Last night I had the opportunity to attend Science on Tap, the first in a new series of lectures at the Georgia Aquarium here in Atlanta. This particular presentation was led by head divers Jeff Reid and Mauritius Bell, who provided a fascinating insight into their professional lives.
Until yesterday, you could have rightly assumed monkey trials and global warming had nothing to do with each other. But that was before the U.S. Chamber of Commerce, concerned over possible emissions regulations, challenged the EPA to a global warming showdown. According to the L.A. Times, officials at the chamber said the proposed legal faceoff could be "the Scopes monkey trial of the 21st century."
So just why did European researchers build a robot with bones and muscles? And why is Josh Clark picking a fight with the machines? In this post we'll watch Eccrrobot in action and answer these pressing questions.
A few weeks ago I went over the various self defense strategies we can adapt from the armored ground cricket (the short answer: Dress and act like you're a member of GWAR). Today, I thought we'd prepare ourselves to go all Wolverine on our adversaries by looking at couple of rather strange amphibians.
After researching John Snow and his "Ghost Map" of cholera cases in Victorian London for the podcast, it's quite possible I'm hyperaware of water-quality issues. News that atrazine, a popular herbicide, exceeded federal safety limits in several states' drinking water had me looking for Georgia on the list and wondering if Brita filters take care of things like that. (Georgia's clear by the way, and simple filters do cut out atrazine -- at least according to the National Research Defense Council.)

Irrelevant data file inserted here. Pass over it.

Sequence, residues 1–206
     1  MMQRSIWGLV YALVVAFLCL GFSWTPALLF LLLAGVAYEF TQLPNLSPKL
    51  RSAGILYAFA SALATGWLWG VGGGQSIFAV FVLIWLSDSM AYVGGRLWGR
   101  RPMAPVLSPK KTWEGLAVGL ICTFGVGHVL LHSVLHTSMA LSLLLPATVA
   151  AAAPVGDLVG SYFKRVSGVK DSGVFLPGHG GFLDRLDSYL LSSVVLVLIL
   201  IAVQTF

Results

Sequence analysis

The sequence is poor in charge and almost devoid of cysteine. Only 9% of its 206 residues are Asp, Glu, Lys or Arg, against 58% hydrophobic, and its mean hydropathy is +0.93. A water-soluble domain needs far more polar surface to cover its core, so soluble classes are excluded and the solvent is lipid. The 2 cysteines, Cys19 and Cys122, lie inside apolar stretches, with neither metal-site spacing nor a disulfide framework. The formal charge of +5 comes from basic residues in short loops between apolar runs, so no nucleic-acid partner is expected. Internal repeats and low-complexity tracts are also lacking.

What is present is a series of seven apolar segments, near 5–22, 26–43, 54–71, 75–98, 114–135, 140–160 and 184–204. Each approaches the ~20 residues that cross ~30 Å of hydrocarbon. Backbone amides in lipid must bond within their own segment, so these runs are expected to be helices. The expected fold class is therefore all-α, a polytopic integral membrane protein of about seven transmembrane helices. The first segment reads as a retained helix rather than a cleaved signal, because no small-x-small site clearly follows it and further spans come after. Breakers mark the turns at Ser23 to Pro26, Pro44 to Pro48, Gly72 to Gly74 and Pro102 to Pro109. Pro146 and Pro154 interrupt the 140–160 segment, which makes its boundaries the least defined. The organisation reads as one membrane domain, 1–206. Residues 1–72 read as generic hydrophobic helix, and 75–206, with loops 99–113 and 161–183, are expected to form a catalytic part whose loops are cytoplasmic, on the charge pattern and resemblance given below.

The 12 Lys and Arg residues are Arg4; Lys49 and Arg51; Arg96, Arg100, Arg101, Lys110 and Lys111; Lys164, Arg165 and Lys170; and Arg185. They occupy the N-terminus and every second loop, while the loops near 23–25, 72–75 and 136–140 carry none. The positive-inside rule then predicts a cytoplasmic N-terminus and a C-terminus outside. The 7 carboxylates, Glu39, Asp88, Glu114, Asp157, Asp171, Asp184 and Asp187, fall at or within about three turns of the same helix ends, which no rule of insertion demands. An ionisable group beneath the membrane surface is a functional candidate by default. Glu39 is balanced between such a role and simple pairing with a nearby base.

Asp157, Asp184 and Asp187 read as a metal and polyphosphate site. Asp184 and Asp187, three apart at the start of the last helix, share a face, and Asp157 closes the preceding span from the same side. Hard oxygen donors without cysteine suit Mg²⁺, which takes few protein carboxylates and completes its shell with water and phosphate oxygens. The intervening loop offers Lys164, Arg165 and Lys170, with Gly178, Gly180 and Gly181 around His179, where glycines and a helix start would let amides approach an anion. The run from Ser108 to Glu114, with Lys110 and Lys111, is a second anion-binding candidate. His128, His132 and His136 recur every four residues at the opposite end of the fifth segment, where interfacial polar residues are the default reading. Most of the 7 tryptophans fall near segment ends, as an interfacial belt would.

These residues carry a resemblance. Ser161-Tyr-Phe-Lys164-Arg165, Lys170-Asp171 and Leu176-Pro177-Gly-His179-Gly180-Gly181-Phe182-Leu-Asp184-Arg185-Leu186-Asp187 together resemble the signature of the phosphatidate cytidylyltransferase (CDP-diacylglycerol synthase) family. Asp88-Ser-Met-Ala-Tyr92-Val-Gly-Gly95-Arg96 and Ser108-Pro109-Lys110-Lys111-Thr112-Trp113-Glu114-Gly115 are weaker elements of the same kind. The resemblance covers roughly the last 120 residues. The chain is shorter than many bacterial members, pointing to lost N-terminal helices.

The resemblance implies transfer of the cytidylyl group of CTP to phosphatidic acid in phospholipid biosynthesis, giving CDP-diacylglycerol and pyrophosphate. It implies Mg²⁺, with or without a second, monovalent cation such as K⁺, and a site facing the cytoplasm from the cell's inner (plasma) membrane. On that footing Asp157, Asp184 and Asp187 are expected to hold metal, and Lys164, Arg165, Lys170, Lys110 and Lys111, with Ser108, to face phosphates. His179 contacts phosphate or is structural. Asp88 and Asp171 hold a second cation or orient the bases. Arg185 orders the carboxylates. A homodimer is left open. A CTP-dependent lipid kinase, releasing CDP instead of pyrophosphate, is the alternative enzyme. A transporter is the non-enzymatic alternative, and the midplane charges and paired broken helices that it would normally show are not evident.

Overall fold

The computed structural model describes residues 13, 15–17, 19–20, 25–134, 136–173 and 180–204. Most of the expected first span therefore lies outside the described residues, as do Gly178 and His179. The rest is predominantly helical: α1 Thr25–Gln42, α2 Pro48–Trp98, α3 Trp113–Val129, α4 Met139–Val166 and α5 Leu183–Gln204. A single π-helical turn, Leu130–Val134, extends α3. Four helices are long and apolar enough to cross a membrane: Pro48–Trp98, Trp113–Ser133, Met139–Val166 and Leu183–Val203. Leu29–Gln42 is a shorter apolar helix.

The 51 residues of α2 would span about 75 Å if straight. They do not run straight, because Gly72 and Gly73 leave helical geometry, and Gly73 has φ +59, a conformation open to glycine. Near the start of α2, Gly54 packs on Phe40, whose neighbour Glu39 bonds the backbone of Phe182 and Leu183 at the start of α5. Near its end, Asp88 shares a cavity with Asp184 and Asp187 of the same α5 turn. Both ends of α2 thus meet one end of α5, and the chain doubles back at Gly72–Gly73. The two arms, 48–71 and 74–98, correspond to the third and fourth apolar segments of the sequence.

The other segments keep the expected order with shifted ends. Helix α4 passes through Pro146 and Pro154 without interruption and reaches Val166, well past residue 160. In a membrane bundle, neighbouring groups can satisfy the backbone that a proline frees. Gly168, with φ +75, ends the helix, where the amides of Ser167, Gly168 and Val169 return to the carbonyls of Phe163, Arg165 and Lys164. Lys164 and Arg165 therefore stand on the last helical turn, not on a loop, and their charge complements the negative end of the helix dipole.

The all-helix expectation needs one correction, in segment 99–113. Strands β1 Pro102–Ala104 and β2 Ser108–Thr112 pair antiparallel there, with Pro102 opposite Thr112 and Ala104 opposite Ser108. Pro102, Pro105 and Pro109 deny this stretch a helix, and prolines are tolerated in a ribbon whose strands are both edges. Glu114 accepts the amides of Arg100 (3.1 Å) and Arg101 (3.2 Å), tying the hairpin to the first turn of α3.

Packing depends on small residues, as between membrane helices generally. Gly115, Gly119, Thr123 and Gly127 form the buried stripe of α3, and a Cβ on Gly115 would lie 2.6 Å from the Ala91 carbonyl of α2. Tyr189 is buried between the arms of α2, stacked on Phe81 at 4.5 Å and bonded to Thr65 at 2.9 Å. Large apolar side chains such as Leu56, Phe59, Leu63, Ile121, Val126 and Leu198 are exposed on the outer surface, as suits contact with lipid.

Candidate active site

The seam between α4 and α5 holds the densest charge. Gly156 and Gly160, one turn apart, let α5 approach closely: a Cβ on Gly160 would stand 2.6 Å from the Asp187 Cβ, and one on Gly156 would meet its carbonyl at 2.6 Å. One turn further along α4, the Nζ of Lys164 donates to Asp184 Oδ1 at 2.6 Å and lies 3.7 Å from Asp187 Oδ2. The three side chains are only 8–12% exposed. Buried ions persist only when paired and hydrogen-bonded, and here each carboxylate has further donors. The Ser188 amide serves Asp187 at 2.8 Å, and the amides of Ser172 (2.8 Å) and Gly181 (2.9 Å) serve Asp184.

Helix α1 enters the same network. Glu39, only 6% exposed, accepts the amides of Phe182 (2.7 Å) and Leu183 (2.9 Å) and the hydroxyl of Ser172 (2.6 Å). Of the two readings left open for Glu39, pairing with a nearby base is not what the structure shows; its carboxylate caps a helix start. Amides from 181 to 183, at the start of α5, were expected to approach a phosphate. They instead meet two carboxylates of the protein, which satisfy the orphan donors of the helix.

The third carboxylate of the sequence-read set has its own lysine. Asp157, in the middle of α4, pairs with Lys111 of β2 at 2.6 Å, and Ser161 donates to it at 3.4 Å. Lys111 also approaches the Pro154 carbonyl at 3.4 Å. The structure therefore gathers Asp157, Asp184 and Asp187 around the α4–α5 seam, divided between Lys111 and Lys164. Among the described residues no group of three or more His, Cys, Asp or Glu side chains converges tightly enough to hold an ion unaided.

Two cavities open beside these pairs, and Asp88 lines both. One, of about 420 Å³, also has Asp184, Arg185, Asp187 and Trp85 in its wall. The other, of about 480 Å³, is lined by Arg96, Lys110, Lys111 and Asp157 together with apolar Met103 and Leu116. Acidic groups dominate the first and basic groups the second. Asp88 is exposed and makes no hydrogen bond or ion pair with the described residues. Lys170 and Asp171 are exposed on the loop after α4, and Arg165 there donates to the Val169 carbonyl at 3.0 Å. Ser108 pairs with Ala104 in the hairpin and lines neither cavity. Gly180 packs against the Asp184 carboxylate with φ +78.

But it seems like everyone's talking about atrazine this week. The New York Times published a feature possibly linking the weed killer to birth defects and menstrual problems. Low exposures in utero have also made research animals more susceptible to cancer. Research from Purdue University suggests that even small concentrations -- 0.1 parts per billion -- can cause low birth weights.
The EPA, however, has taken a fairly sunny outlook on all the data, especially considering levels of atrazine spike to their highest during summer months.